και των αισθήσεων αυτών ου γίνεται αισθησις, και διά τί άνευ των έξω ου ποιούσιν αίσθησιν, ενόντος πυρός και γης και των άλλων στοιχείων, ών έστιν η αίσθησις καθ' αυτά ή τα 5 συμβεβηκότα τούτοις, δήλον ούν ότι το αισθητικών ουκ έστιν ενεργεία, αλλά δυνάμει μόνον. διό καθάπερ το καυστον ου καίεται αυτό καθ' αυτό άνευ του καυστικου έκαιε γαρ αν εαυτό, και ούθεν εδείτο του εντελεχεία πυρος όντος. επειδη δε το αισθάνεσθαι λέγομεν διχως (το τε γαρ δυνάμει ακούον 1ο και ορών ακούειν και οράν λέγομεν, κάν τύχη καθεύδον, και το ήδη ενεργούν), διχως αν λέγοιτο και η αίσθησις, η μεν

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του αυτού όντος του πάσχειν και του κινείσθαι και του ενεργείν 15 λέγωμεν· και γαρ έστιν η κίνησις ενέργειά της, ατελής μέντοι, καθάπερ εν ετέροις είρηται. πάντα δε πάσχει και κινείται υπό του ποιητικού και ενεργεία όντος. διό έστι μεν ως υπό του ομοίου πάσχει, έστι δε ως υπό του ανομοίου, καθά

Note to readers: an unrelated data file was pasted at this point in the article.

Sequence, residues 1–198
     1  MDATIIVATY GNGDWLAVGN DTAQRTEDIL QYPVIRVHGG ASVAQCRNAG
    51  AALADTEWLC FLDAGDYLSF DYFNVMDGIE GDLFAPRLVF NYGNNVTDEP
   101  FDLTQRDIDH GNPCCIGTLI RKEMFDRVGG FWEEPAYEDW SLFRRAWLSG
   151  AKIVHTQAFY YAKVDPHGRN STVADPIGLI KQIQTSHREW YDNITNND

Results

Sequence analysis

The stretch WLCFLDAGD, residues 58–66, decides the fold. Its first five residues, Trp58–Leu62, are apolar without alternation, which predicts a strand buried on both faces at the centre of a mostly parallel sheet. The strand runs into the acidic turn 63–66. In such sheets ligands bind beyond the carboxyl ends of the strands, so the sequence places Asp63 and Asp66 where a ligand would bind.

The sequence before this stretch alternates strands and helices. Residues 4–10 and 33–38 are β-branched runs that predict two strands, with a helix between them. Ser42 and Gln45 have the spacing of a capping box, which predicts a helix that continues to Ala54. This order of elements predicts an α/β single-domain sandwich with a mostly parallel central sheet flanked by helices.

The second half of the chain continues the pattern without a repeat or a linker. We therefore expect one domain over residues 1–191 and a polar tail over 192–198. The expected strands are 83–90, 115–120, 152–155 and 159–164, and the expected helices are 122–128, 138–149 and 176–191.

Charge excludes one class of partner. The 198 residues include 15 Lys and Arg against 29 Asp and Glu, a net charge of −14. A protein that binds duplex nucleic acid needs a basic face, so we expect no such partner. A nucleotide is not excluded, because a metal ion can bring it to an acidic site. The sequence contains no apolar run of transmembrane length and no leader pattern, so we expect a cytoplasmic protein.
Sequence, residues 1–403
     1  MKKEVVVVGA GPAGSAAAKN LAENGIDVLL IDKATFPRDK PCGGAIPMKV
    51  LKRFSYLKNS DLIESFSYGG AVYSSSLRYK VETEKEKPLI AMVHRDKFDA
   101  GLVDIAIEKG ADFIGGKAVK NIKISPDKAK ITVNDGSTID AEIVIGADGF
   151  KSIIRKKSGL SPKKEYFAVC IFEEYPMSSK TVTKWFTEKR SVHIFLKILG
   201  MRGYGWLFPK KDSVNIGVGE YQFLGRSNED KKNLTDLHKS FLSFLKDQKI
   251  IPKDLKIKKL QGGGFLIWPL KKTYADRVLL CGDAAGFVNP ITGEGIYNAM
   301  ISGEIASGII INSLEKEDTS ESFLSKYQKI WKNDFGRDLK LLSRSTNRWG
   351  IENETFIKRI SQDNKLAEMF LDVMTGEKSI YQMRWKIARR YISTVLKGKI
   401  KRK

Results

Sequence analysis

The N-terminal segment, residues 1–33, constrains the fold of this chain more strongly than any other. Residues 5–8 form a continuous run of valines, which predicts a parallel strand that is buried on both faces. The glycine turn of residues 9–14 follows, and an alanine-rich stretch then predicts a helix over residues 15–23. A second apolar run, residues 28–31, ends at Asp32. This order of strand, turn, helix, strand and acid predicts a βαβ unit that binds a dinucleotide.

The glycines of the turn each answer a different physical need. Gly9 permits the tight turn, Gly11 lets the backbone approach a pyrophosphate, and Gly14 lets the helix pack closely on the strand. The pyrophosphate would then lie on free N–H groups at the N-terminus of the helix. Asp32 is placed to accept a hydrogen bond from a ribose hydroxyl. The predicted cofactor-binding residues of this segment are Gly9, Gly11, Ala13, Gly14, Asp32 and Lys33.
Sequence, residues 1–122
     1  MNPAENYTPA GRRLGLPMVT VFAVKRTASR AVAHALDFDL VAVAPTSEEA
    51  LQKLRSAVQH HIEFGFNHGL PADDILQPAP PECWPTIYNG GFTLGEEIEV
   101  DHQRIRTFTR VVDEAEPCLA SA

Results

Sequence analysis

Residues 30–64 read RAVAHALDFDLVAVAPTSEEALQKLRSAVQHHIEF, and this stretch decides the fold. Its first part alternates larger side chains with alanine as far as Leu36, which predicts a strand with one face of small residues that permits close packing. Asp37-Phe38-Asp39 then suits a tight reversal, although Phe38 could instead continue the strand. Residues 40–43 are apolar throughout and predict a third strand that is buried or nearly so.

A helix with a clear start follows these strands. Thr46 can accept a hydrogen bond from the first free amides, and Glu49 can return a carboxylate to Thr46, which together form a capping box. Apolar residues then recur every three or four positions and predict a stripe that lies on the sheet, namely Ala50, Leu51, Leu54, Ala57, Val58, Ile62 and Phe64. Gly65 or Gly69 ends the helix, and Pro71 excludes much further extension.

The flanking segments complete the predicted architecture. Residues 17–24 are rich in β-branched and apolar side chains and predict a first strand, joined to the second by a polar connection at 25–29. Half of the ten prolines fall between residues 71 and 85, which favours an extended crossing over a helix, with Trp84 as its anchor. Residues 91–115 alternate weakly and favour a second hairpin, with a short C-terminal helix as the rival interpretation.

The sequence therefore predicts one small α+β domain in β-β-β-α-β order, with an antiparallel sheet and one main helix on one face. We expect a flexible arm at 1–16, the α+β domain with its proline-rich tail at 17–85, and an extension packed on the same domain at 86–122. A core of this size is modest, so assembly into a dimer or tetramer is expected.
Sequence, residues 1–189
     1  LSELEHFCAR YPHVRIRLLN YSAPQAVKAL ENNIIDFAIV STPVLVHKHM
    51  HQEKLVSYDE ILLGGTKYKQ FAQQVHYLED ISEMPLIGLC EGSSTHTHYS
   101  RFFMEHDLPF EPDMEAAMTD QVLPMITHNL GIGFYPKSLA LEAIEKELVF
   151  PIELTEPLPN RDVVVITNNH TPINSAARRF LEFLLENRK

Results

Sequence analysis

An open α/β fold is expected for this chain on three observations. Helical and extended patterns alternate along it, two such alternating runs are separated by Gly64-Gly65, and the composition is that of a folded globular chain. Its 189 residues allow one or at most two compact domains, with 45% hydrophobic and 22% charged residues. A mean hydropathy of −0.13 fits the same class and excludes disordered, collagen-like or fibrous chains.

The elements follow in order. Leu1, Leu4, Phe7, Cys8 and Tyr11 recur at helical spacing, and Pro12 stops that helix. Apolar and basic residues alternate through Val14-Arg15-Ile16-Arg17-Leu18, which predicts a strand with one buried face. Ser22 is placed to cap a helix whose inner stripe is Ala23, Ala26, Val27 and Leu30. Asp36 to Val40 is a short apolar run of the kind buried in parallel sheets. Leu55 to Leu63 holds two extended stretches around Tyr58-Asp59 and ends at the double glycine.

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at once the question—why is there no perception or sense of the senses themselves, and why do the senses not produce a perception without the help of external objects, when there is contained within them fire and earth and the other elements which are objects of perception either in themselves or in virtue of their properties. Evidently, it follows, the power of sense perception exists not as something actually exercised, but only as something potential. And so the case is parallel to that of combustible material, which is not burnt by itself without the presence of that which can set it on fire : otherwise it would set fire to itself, and there would be no need for the help of actual fire. We must note however that we use the word 'perceive' in two senses. In the case of that which has the power to hear and see, we say it hears and sees, even if it chance to be asleep, just as much as we do in the case of that which is already actually at work. Perception therefore would be similarly used in two senses, on the one hand as in potentiality, on the other hand as in actuality: and this same distinction will in turn apply to the object of perception, which is from one aspect potential, from another actual.